Conman
04-04-12, 10:07 PM
OOH! i've sleepwalked a couple of times. all of which involved me doing weird things.

CheekyMonkey
04-04-12, 10:09 PM
Oh yeah, I was a major sleepwalke/sleeprunner up until adulthood.

TheChemicals
04-04-12, 10:26 PM
Im so going to have a bad dream tonight because of this thread.

Conman
04-04-12, 11:10 PM
i started sleepwalking when i was about 13 or 14. i think it was summer before i started highschool...and i was starting marching band. probably an acute stress reaction haha. seriously i still sleepwalk, albeit maybe once or 2wice a year, dont know the cause, but hey, who does?

flycatcher
04-04-12, 11:37 PM
I rarely get nightmares. My dreams are just otherwise twisted and all over the place, and they amuse me to no end. But I recall my parents telling me quite often that they had woken up because of me yelling in my sleep. When I was a kid that is.

The only time I would say I've had "a night terror" was sleep paralysis. Normal nightmares are nothing compared to that stuff.

svenbritt
04-06-12, 11:47 AM
Are you saying that the ADD population have more nightmares then others?

Iīve had so many nightmares from childhood and forward that somewhere along the line i had to take controll of them.
Suppose i learned some kind of lucid dreaming out of pure survival :)

That gift is gone since long now but it sure was cool when it happened. I have a light version now where i realize itīs just a dream but without the editing skills i had back in the days.

When i was young i allways could tell if was about to have one of those really bad dreams buy a sort of sound in my head. Like a pulsating sound...ohhh it was pure terror i remember.

Conman
04-06-12, 01:07 PM
actually in my first instance of sleepwalking, i ate the nachos from Burrito Station from our fridge at the table and woke up and everything was there with fridge open. 2nd time i didnt even hear about till last summer, but in 2010 my roommates for rose parade told me that one night i put one them's clothes in the bathroom, and they started locking the bathroom at night before we slept because of that.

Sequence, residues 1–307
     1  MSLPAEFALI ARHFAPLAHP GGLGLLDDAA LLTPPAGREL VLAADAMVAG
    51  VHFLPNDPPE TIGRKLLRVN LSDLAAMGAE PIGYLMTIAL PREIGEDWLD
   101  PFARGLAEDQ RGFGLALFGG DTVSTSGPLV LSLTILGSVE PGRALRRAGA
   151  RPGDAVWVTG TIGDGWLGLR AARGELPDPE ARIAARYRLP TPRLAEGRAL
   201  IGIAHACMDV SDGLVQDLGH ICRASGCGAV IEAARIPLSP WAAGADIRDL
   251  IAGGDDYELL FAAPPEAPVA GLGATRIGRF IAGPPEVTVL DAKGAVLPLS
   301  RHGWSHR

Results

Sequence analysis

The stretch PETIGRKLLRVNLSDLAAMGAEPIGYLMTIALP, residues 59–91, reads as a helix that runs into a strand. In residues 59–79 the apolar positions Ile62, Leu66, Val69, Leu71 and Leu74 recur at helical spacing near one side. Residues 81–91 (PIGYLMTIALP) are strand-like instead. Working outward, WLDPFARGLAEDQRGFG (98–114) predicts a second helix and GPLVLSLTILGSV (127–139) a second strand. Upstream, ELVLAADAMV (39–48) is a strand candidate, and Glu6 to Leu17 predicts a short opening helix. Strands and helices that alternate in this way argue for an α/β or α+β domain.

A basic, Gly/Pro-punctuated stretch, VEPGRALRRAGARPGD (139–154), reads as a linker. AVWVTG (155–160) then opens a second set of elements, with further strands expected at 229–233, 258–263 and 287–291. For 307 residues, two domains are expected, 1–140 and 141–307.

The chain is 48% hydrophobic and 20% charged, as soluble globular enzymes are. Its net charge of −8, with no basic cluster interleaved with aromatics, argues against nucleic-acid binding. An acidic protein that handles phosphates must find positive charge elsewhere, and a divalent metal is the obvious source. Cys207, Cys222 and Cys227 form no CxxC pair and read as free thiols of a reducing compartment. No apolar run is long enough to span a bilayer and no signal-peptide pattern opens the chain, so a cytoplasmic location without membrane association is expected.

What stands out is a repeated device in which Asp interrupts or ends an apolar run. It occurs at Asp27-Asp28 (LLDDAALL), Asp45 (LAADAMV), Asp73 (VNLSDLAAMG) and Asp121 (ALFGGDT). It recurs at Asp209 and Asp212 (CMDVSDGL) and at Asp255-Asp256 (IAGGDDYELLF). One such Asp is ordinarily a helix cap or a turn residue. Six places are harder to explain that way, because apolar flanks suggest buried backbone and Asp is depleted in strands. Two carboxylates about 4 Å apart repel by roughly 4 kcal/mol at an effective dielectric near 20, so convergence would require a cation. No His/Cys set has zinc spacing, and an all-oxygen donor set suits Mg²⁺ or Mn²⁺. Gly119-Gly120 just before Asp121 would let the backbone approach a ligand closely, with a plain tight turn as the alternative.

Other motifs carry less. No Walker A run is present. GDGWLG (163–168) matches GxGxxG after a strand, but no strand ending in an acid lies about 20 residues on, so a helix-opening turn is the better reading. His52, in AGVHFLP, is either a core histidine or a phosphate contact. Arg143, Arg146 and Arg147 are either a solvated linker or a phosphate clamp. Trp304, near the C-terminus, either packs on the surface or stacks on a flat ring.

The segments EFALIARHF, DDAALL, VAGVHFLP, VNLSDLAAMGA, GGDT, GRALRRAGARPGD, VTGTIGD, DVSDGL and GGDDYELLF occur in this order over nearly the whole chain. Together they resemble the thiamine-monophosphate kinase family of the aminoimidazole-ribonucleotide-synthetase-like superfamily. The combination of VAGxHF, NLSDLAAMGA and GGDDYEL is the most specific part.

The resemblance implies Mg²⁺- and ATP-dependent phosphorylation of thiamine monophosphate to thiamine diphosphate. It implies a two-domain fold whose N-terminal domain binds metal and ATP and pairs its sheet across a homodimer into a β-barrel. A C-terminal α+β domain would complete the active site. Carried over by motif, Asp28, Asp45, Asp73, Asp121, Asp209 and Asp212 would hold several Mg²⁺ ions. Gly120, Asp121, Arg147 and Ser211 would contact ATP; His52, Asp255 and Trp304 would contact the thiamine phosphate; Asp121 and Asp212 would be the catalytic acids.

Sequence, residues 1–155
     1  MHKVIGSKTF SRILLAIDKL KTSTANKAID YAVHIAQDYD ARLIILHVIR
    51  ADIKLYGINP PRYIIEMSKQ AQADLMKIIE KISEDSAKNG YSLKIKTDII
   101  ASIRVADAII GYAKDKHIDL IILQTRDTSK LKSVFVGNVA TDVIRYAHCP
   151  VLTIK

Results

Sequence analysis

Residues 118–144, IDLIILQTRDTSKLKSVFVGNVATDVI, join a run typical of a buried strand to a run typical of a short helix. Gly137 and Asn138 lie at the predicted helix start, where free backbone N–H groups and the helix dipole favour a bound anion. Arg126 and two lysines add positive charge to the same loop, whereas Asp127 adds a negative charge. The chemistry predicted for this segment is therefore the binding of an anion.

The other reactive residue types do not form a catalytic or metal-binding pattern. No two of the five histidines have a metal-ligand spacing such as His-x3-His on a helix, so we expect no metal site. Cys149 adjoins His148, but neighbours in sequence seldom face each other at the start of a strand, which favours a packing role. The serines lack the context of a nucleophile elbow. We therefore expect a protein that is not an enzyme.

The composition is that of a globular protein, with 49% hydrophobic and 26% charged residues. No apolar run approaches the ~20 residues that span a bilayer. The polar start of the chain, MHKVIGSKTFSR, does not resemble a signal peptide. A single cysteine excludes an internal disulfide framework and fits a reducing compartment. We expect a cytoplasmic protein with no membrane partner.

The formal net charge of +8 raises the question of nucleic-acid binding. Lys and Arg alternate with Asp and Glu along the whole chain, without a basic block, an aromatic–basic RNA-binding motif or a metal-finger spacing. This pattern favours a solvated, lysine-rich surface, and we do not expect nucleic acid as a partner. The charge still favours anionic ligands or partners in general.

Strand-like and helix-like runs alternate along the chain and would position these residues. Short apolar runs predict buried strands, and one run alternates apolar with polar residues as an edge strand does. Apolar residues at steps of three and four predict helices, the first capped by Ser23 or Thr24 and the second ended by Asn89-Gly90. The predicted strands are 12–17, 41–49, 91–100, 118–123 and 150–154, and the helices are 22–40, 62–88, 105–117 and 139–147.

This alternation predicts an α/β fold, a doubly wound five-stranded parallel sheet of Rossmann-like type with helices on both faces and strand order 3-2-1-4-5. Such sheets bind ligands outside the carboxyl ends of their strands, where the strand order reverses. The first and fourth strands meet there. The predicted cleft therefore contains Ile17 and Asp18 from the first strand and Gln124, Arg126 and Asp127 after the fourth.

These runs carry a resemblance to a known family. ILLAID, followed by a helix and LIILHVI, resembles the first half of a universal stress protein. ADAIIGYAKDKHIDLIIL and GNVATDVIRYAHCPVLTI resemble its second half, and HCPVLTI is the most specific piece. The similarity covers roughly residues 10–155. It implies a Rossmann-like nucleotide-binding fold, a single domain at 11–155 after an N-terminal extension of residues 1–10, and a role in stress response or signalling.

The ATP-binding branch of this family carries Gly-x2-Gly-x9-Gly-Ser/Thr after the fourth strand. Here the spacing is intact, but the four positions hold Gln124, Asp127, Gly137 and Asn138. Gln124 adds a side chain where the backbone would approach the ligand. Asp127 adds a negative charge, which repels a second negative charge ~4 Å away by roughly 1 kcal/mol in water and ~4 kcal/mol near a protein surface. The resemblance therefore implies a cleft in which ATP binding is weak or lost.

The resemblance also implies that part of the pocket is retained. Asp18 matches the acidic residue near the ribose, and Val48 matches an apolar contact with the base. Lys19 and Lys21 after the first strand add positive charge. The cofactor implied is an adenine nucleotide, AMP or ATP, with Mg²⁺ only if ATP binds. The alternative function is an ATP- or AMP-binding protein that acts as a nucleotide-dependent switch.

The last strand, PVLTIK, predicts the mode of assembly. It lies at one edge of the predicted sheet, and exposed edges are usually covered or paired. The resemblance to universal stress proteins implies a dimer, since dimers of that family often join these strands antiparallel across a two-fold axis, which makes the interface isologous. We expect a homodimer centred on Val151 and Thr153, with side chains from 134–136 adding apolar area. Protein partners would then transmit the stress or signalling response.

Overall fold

Fuzzy12
04-06-12, 01:15 PM
I rarely get nightmares. My dreams are just otherwise twisted and all over the place, and they amuse me to no end. But I recall my parents telling me quite often that they had woken up because of me yelling in my sleep. When I was a kid that is.

The only time I would say I've had "a night terror" was sleep paralysis. Normal nightmares are nothing compared to that stuff.

I regularly get sleep paralysis too. Often my nightmares end with sleep paralysis. Uggh. It was much, much worse as a kid though.

I thought knowing what it is would make it less scary, but no, I still panic each and every time.

Nifferka
04-06-12, 01:49 PM
I regularly get sleep paralysis too. Often my nightmares end with sleep paralysis. Uggh. It was much, much worse as a kid though.

I thought knowing what it is would make it less scary, but no, I still panic each and every time.

I hyperventilate to wake up. I learned to do this when I was in university--I can control my breathing, if nothing else. The first time I had an episode of sleep paralysis when my husband was around, he tried waking me up gently. I told him afterwards to just shake me awake violently, to get me out of it as fast as possible. Eventually, hyperventilating will wake me up, but it's faster if someone else is there to help.